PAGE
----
LinkedIn: http://www.linkedin.com/pub/dustin-miller/48/b96/835
YouTube: https://www.youtube.com/channel/UCGD2b40H0P-WF7C5P7t71nA
Twitter: https://twitter.com/BigMooseMusic

References
Creative Christian Moments – Blog Article 21: Interview with Christian musician Dustin Miller, YouTube, 18:42, posted by Barry Brophy, April 19, 2014, http://www.youtube.com/watch?v=gozm_SiI0dQ (accessed April 19, 2014)
Dustin Miller Music. Portrait. Facebook. https://www.facebook.com/photo.php?fbid=282063768627704&set=a.282063731961041.1073741827.280777422089672&type=1&theater (accessed April 19, 2014)

Creative Christian Moments – Blog Article 20: Poet James Thomas Thorn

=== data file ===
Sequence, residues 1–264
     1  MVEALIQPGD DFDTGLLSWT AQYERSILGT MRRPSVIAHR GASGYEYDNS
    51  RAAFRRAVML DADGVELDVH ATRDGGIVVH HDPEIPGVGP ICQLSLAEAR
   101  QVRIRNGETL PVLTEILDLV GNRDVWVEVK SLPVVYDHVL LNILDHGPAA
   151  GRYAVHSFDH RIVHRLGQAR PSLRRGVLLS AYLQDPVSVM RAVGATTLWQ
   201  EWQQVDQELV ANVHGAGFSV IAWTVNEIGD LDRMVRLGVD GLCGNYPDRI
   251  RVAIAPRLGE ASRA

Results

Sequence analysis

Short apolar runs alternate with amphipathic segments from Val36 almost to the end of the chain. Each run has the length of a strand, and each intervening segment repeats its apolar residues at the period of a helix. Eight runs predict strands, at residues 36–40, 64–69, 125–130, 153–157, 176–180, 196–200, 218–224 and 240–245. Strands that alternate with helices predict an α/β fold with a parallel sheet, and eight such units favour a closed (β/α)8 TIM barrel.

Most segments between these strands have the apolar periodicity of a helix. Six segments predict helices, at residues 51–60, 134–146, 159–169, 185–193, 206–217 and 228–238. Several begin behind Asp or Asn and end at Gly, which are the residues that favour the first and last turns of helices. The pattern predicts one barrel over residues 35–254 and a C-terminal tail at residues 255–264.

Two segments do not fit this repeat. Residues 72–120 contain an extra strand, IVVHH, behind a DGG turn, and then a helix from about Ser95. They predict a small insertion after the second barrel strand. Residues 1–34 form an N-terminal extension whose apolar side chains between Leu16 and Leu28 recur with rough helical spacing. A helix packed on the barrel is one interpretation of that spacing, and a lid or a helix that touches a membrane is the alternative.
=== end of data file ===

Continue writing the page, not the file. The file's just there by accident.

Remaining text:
Creative Christian Moments

“Reviews of up and coming Christians in the arts community.”

Blog Article 20: Poet James Thomas Thorn

James 4:6b states “God opposes the proud but shows favor to the humble.” Throughout the Bible, there are many passages speaking this same concept of that if an individual humbles themselves before God, He will raise them up to success. Many within the Christian arts community are humble to the point of nonrecognition but I have felt it is my calling to identify these individuals as I have expressed again and again in my blogs. At times, our work feels tedious and to the point of where we want to quit but we keep going because our goal is to honor God with out talents. As I was reflecting upon this concept and what to write for my twentieth blog review, one such Christian artist came to mind: Poet James Thomas Thorn.